UFS2 Journaling implementation detail
ivoras at freebsd.org
Fri Apr 18 16:05:27 UTC 2008
> Ivan, thanks for the links. What I mean is configure
> journaling via gjournal(8) for the UFS file system.
Just follow the example in gjournal(8) :)
> I have following questions in this regard:
> 1. "Pawel (pjd) has reimplemented gjournal with hooks
> in the file system code so it can properly do file
> system journaling." -
> So, the gjournal is a Journaled File System which can
> be used against file system corruptions in the event
> of power failure or system crash?
No, gjournal is a layer below the file system (think of it as a
virtual disk drive) that does journalling. You need to create a file
system on top of gjournal. Pawel added some necessary integration for
> 2. "Unfortunately, gjournal cannot replace a
> journaling filesystem. At least, a fsck is still
> needed on the journaled device/filesystem after a
> crash." -(http://wiki.freebsd.org/gjournal)
> Is it now confirmed that gjournal does not require
> fsck after a power failure or system crash?
Yes, this is old information. The current gjournal implementation
works without fsck.
> 3. "To ensure that data is stored on the data
> provider, the gjournal sync command should be used
> after calling sync(2)." - gjournal(8)
> Who should issue this command? user manually?
I don't think so. I think this is also old information. There are some
hard drives and controller that don't support BIO_FLUSH (which could
theoretically need the above commands) but you are notified about
these drives on boot.
> 4. "Size should be chosen based on provider's load,
> and not on its size. It is not recommended to use
> gjournal for small file systems" - gjournal(8)
> So how do I know what should be the size of the
> journal before it is created?
Theoretically, there's a fairly complex calculation based on your disk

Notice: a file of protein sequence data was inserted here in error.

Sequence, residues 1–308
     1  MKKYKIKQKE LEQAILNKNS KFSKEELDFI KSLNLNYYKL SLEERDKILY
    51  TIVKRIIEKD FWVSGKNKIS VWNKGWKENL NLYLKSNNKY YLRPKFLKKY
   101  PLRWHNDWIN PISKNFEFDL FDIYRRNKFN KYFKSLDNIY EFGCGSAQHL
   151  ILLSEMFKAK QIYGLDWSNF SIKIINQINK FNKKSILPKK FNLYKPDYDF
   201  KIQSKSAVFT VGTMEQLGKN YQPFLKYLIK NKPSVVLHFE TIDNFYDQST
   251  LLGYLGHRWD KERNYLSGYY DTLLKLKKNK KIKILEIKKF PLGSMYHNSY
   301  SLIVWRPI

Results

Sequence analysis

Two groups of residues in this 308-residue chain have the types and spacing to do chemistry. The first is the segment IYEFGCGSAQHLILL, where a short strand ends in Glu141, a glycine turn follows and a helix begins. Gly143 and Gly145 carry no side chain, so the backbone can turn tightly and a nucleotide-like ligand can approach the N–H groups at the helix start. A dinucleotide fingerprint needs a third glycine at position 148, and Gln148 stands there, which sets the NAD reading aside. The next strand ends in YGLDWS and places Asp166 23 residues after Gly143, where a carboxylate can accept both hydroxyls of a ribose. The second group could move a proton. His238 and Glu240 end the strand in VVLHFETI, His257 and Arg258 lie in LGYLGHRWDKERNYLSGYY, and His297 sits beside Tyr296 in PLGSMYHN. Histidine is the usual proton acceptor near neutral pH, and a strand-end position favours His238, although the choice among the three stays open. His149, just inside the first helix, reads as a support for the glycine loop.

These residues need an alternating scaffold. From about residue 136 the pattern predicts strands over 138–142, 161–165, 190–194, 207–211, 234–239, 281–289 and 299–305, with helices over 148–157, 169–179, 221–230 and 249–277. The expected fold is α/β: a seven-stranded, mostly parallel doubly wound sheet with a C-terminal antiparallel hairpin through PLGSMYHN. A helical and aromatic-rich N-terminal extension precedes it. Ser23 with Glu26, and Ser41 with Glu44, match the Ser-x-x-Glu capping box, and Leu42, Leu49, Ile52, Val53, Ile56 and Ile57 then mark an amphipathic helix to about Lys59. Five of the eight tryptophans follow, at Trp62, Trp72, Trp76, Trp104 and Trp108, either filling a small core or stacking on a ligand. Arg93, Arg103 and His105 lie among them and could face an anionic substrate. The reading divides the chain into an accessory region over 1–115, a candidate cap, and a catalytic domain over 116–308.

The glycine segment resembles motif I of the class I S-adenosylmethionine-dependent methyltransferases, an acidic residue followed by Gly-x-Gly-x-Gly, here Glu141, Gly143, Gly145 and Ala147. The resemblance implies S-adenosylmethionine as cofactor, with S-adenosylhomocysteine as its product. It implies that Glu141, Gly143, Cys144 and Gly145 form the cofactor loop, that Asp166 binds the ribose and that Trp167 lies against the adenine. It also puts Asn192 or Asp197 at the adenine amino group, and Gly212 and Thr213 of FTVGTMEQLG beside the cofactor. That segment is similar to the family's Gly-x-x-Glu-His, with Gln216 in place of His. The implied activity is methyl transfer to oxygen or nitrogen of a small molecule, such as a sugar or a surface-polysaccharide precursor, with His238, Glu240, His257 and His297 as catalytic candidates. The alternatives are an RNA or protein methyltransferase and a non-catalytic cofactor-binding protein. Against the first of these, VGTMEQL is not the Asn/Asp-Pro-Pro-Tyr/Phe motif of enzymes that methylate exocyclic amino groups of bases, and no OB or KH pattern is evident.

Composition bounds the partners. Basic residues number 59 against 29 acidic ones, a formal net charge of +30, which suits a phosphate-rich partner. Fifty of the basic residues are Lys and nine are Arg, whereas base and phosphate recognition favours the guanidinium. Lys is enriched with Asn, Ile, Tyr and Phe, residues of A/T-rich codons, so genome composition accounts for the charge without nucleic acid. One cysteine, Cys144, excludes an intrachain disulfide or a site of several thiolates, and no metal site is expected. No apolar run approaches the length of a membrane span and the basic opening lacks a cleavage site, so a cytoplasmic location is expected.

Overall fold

drive capacity and journal delay time, but unless you are using fast
server-class drive, 1 GB should be enough for the journal.
> Does it log anywhere if the journal size is too small
> for the system load?
Yes, you'll get a system panic in this case. Yes, it's a bad solution,
complain to Pawel :)
> 5. "Some UFS implementations avoid journaling and
> instead implement soft updates: they order their
> writes in such a way that the on-disk file system is
> never inconsistent, or that the only inconsistency
> that can be created in the event of a crash is a
> storage leak. To recover from these leaks, the free
> space map is reconciled against a full walk of the
> file system at next mount." -
> So the disadvantage of Soft Update is it is necessary
> to run fsck after reboot in event of a crash or power
Yes. The advantage is that practically, the data is as safe as with journalling.
> 6. On the same hard disk for various BSD partitions,
> is it possible to use both Soft Update and gjournal,
> Eg. Soft Update for / , gjournal for /usr?
Yes, but it doesn't make much sense to do it this way. It won't crash
but there are no benefits to it.
Note also that you can't add a gjournal-supported journal on existing
file systems without using external journals. In other words: if you
already created all your file systems and don't have any free space on
the drive to create additional partitions, you can't use gjournal.
> 7. In, gjournal label [-fhv] [-s jsize] dataprov
> What is the unit of the size?
Whatever you want it to be, for example "1M" means megabyte.
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